“Maybe we’re still under warranty?” Tam said. “Let me see.”
She sat down next Connie and read the entry Connie had found, struggling through the ancient Chinese to glean what she could from the summary the index had on the book.
“Am I mistranslating that?” Connie asked. “And is it real?”
“No and yes,” Tam said. “It is a book of receipts for creation, but the creation in question is only a minor shadow of Earth, think of it like adding an extension onto your house. Also, it wasn’t an all powerful creator who fashioned it. The Realm of Melting Stars was made by a mid-tier deity it looks like. So, yes, it’s real, but that’s kind of in the sense that a painting is real. We can look at it, admire its beauty but to step inside it, you’d need to be able to bend reality which sort of fuzzes the line on what’s ‘real’.”
“There is so much stuff in here like that,” Connie said. “How do you keep all of this in your head? I feel like my brain is about to explode.”
“I’m not surprised,” Tam said. “You’ve been at this for three hours now! Come on, let’s take a break and I’ll tell you the secret of how it works.”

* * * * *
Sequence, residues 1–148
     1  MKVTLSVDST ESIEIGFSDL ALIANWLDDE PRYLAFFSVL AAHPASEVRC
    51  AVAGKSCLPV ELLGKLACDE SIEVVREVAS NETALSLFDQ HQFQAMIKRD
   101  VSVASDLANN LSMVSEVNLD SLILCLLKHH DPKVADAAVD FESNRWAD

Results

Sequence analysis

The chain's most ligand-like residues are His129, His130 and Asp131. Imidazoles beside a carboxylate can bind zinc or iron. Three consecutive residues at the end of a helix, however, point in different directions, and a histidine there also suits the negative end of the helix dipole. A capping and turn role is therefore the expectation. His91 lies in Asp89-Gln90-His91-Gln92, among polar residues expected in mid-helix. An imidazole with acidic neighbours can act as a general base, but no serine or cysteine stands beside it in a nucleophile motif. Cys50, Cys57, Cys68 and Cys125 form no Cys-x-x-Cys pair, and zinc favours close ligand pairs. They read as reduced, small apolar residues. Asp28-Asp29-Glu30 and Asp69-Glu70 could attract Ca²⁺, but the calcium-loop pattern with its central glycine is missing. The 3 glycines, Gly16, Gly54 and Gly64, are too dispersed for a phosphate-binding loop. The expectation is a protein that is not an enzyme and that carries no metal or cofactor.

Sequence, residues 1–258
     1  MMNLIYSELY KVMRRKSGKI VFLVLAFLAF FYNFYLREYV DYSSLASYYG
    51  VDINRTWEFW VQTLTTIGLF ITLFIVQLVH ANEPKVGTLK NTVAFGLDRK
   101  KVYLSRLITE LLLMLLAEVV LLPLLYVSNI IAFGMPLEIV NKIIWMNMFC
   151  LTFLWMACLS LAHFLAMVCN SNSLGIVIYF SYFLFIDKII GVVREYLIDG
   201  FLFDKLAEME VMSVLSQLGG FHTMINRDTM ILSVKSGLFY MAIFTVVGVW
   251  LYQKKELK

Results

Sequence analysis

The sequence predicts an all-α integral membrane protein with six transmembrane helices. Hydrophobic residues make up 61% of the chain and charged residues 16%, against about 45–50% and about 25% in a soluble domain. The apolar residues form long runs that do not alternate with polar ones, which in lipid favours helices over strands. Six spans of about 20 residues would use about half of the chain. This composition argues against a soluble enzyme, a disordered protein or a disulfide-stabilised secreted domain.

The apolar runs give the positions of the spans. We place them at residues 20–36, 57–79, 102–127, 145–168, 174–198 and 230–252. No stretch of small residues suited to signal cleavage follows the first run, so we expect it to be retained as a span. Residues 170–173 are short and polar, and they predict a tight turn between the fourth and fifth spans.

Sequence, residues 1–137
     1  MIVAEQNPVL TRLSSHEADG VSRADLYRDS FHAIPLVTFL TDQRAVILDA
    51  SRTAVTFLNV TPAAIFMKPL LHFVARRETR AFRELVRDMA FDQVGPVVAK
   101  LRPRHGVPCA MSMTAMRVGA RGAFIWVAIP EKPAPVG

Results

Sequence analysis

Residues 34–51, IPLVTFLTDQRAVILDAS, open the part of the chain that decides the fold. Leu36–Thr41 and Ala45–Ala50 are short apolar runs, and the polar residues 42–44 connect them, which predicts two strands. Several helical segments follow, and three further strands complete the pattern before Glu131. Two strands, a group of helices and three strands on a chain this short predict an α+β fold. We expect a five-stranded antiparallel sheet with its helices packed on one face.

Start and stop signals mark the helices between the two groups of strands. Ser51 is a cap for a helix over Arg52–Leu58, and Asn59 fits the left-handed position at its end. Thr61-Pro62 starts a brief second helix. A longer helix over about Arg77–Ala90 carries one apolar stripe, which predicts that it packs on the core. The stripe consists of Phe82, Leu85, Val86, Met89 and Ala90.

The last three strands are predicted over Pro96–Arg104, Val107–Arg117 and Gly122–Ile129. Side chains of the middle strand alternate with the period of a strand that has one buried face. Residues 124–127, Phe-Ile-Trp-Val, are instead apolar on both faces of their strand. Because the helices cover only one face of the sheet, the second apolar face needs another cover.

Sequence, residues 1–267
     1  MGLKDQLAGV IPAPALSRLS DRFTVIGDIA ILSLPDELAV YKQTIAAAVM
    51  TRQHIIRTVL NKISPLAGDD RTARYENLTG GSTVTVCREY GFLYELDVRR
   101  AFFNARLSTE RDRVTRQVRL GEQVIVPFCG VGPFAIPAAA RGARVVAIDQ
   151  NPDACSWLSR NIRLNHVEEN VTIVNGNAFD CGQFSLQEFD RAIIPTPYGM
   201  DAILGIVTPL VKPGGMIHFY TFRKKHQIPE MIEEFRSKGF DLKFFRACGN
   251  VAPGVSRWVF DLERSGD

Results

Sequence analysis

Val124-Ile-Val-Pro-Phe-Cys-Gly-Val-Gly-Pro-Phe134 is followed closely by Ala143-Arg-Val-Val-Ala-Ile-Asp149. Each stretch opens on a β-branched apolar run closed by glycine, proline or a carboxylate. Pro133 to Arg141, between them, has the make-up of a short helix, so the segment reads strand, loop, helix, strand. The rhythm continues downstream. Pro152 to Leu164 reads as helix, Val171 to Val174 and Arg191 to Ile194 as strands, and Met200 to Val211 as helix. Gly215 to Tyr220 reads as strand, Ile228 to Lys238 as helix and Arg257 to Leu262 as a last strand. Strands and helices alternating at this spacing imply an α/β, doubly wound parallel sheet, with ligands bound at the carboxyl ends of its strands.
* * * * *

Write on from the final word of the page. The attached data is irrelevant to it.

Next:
It was so much later in the day when they stepped outside that Connie felt like she’d fallen through a time warp – which she had discovered were a real thing and had a catalogue of Vacation Destination books written about them for “the traveling quasels on a budget”. She still had no idea what a quasel was, or what sort of budget would allow one to casually wander through time, but something was trying to remind her that she had other, more critical things, to worry about.
“Ahhh! The Living Husks!”
It probably wasn’t the sort of thing she should have screamed as they walked in the door to the first coffee shop they passed, but for some reason none of the patrons did more than glance in her direction and shrug.
“It’s been a long ten minutes, right?” Tam asked, struggling to suppress a smile.
“I completely forgot about them,” Connie said. “That never happens though!”
“Not with regular books maybe,” Tam said. “Magical indexes though? Those you need to be a bit more careful with.”
“So, what did I do wrong?” Connie asked, as Tam looked over the menu behind the ordering counter.